Fulton Journal: April 17, 1936


The many friends of Mrs. Julia Lee, were grieved to learn of her death, which occurred Wednesday morning at 6:20 o’clock in her home on North Fourth street. She had been ill about three weeks suffering from pneumonia and complications. Her condition had been critical, but she seemed to rally and her sons who had been called here because of her condition, returned to their homes a week ago.
Funeral services will be held in the Immaculate Conception church at 9:30 o’clock Saturday morning, the Rev. J. Egan singing the Mass. The remains are reposing in the home of her sister-in-law-, Mrs. Kate Considine, until the funeral hour.
Julia Considine was born June 22, 1870 in Fulton, in the stone house on North Fourth street which has been the Considine homestead for many years. It was there that she passed away.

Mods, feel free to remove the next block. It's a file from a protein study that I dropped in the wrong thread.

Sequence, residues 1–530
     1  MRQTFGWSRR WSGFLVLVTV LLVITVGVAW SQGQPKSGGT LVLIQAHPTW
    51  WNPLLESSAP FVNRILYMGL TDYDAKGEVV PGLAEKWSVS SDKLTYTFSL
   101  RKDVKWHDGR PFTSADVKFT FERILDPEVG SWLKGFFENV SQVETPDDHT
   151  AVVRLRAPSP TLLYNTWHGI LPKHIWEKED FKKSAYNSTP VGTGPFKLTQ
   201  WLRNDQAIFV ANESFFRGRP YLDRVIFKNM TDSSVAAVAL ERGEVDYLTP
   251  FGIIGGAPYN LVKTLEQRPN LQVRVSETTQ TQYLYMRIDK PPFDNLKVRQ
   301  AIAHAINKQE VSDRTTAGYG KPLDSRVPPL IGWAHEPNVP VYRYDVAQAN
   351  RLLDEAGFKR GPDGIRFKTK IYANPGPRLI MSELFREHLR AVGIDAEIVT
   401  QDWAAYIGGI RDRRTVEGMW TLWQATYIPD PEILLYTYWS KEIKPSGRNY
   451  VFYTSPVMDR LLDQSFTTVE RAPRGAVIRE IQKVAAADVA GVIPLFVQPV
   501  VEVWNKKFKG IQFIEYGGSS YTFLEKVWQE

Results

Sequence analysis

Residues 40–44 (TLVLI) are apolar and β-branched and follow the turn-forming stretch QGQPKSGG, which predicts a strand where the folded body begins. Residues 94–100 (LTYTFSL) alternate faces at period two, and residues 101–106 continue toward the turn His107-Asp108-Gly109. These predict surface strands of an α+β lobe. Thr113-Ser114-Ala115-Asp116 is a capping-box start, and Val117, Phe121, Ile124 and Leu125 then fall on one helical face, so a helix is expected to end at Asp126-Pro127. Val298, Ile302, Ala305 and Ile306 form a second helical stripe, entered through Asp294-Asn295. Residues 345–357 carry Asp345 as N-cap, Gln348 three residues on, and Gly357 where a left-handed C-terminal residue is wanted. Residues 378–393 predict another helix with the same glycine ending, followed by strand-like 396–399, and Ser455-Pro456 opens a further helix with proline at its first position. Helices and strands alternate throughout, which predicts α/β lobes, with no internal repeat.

She attended the Fulton schools and in 1889 was graduated from the Fulton high school. She was a member of the Altar and Rosary society of the Immaculate Conception church.
On May 28, 1891, she was married to E.J. Lee, the ceremony taking place in this city. To this union five children were born, all of whom survive. They are Mrs. Gardner Lawrence (Hannah) of Ustick, John of Pittsburgh, Pa., the twins Ed and Will, of Hollywood, and Joe, also of Hollywood. Others who mourn her death are her husband of Perth, Ontario, Canada, one sister, Miss Margaret Considine of Chicago, who has been with her sister during her last illness, and six grandchildren, Hannah, Bill, Jack, and Dick Lawrence of Ustick, Jack Lee and Patricia Lee of Hollywood, Calif.